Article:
music

The Knoxville Girl

I was living in New York City a few years back and was staying the weekend at a community farm outside of New Paltz. For anarcho/hippie dinner one night, I was eating mashed potatoes loaded with nutritional yeast when a huge chunk of my tooth just fell out. When I finally got back to the City, my regular dentist was on vacation so I had to go to his fill-in guy.  I walk into the office and I see the stereotypical hunting dog pictures and UT orange that you would see in any doctor/dentist office in Tennessee.  It was so familiar, in fact, that I forgot where I was for a second.

I met the dentist and we began to talk about what happened/family history, etc. and I mentioned I was from Tennessee.  He told me that he too was from Tennessee and went to UT Knoxville before becoming a military dentist (as if the orange sea wasn’t already an indicator).  He shot me up with Novocaine and as the sweet, metallic taste of blood was still dripping from my gums he began to hum the Louvin Brother’s Murder Ballad I hadn’t heard in years:

Knoxville Girl – 

I met a little girl in Knoxville
A town we all know well
And every Sunday evening
Out in her home I’d dwell

We went to take an evening walk
About a mile from town
I picked a stick up off the ground
And knocked that fair girl down

She fell down on her bended knees
For mercy she did cry
Oh, Willie dear, don’t kill me here
I’m unprepared to die

She never spoke another word
I only beat her more
Until the ground around me
Within her blood did flow

I took her by her golden curls
And I drug her ’round and ’round
Throwing her into the river
That flows through Knoxville town

Go down, go down, you Knoxville girl
With the dark and roving eyes
Go down, go down, you Knoxville girl
You can never be my bride

I started back to Knoxville
Got there about midnight
My mother she was worried
And woke up in a fright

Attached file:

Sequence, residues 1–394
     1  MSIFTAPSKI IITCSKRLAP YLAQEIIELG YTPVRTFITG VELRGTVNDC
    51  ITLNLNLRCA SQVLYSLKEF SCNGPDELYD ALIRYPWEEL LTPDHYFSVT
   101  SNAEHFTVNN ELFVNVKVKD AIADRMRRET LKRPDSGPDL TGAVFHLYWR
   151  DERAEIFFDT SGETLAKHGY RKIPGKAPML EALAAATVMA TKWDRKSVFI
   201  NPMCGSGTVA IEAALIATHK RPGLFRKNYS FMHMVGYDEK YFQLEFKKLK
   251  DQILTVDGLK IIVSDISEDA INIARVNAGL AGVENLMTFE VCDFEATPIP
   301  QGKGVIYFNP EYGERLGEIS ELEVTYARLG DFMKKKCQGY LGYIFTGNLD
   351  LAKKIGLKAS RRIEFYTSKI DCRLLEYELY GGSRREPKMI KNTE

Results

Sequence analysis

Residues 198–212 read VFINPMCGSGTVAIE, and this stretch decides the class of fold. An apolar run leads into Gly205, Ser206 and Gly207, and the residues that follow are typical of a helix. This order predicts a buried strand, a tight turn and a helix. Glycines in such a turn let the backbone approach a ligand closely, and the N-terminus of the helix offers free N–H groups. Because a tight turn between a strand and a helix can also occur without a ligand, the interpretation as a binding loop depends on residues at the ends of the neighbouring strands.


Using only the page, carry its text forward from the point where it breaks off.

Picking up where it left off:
Saying, “Dear son, what have you done
To bloody your clothes so?”
I told my anxious mother
I was bleeding at my nose

I called for me a candle
To light myself to bed
I called for me a handkerchief
To bind my aching head

Rolled and tumbled the whole night through
As troubles was for me
Like flames of hell around my bed
And in my eyes could see

They carried me down to Knoxville
And put me in a cell
My friends all tried to get me out
But none could go my bail

I’m here to waste my life away
Down in this dirty old jail
Because I murdered that Knoxville girl
The girl I loved so well

Dark, right?  And that’s not even the most tragic in the murder ballad tradition. The song Knoxville Girl musically came from the traditional English and Irish ‘The Oxford Girl’ and ‘The Wexford Girl,’ moving the location from Europe to Tennessee.

But who was the Knoxville Girl?  Do the ballads come from real history?  In her case, yes.

Her name was Mary Lula Noel from Pineville, MO. In 1892 she was murdered by a man she had been dating named William (Oh Willie Dear don’t kill me here/I’m unprepared to die) Simmons of Joplin, MO.  She was missing for one week and then found floating in the Cowskin Creek with bruises around her neck.  She had no water in her lungs and had been thrown in after her death, like a careless afterthought.  Simmons never disclosed his motive, and was charged with murder by blunt force object and strangulation.

While Mary was from Missouri, the song Knoxville Girl was unquestionably about her. And though her life was cut short in beautiful youth, her memory still haunts the hills and hollers from Appalachia all the way to dentist offices in NYC.

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Brad Baker

Nashville has always allowed quirky characters to thrive.  From dueling President “Old Hickory” Andrew Jackson, to George Jones getting DUI’s on his lawnmower, and Miley Cyrus’ tongue; there is never a dull moment in the town’s history.

My favorite local legend passed away almost two years ago after months of complications.  Brad Baker, 58, was the very grumpy, longtime sound man at The End.  Most musicians in town that played The End had a love/hate relationship with Brad, who would almost always come over the monitors and say, “you suck,” (or worse) to even the better bands in town.

Brad had an affinity for the booze and loved to drink and tell wild stories about his past; the truths of which are still drunkenly debated today in his absence (pour one out).

Fact: Brad managed Third Encore Studios in Los Angeles.

Legend: Brad was working when Nirvana was rehearsing to record Nevermind. He, of course, told them they sucked the entire time.

Fact: Brad was the guitar tech for REO Speedwagon and in their crew band Hotel Bill and The Incidentals and penned cult classic Wasted Rock Ranger.

Legend: Brad continuously claimed he came up with the Guns and Roses song “Night Train” after they had taken a break from being in the studio all day and someone drove by and yelled out the window, “I’m on the Night Train.”

Fact: Created and promoted the Itchycoo Park Festival in Nashville (now known as Bonnaroo).

Legend: Brad was out with cheap trick and he claimed he was credited as “porque” on live at budoken.

Whatever the truth, his legacy lives on; for no one is truly dead until their name is whispered for the last time. RIP Brad.